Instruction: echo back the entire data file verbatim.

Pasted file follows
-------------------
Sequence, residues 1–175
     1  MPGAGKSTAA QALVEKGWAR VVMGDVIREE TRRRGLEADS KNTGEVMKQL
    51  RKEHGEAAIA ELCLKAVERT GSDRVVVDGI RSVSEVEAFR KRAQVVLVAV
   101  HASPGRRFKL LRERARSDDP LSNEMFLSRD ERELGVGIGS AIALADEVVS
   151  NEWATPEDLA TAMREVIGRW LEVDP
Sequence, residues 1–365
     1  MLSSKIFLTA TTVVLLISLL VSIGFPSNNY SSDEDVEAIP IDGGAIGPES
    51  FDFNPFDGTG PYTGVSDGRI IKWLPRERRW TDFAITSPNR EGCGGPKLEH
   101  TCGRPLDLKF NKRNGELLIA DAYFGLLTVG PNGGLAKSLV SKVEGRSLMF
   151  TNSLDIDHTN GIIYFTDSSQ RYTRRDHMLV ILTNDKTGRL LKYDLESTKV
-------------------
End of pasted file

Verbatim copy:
Sequence, residues 1–175
     1  MPGAGKSTAA QALVEKGWAR VVMGDVIREE TRRRGLEADS KNTGEVMKQL
    51  RKEHGEAAIA ELCLKAVERT GSDRVVVDGI RSVSEVEAFR KRAQVVLVAV
   101  HASPGRRFKL LRERARSDDP LSNEMFLSRD ERELGVGIGS AIALADEVVS
   151  NEWATPEDLA TAMREVIGRW LEVDP
Sequence, residues 1–365
     1  MLSSKIFLTA TTVVLLISLL VSIGFPSNNY SSDEDVEAIP IDGGAIGPES
    51  FDFNPFDGTG PYTGVSDGRI IKWLPRERRW TDFAITSPNR EGCGGPKLEH
   101  TCGRPLDLKF NKRNGELLIA DAYFGLLTVG PNGGLAKSLV SKVEGRSLMF
   151  TNSLDIDHTN GIIYFTDSSQ RYTRRDHMLV ILTNDKTGRL LKYDLESTKV